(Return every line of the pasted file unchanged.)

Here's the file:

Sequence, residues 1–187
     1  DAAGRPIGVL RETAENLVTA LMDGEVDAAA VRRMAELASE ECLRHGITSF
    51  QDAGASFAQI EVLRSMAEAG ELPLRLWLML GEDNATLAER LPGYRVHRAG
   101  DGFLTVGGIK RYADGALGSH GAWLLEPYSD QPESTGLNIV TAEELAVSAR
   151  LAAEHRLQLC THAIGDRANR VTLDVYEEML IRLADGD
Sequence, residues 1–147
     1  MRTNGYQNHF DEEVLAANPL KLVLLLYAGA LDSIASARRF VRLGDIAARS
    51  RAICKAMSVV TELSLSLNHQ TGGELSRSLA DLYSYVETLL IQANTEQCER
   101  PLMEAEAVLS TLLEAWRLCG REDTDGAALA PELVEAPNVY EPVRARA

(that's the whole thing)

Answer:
Sequence, residues 1–187
     1  DAAGRPIGVL RETAENLVTA LMDGEVDAAA VRRMAELASE ECLRHGITSF
    51  QDAGASFAQI EVLRSMAEAG ELPLRLWLML GEDNATLAER LPGYRVHRAG
   101  DGFLTVGGIK RYADGALGSH GAWLLEPYSD QPESTGLNIV TAEELAVSAR
   151  LAAEHRLQLC THAIGDRANR VTLDVYEEML IRLADGD
Sequence, residues 1–147
     1  MRTNGYQNHF DEEVLAANPL KLVLLLYAGA LDSIASARRF VRLGDIAARS
    51  RAICKAMSVV TELSLSLNHQ TGGELSRSLA DLYSYVETLL IQANTEQCER
   101  PLMEAEAVLS TLLEAWRLCG REDTDGAALA PELVEAPNVY EPVRARA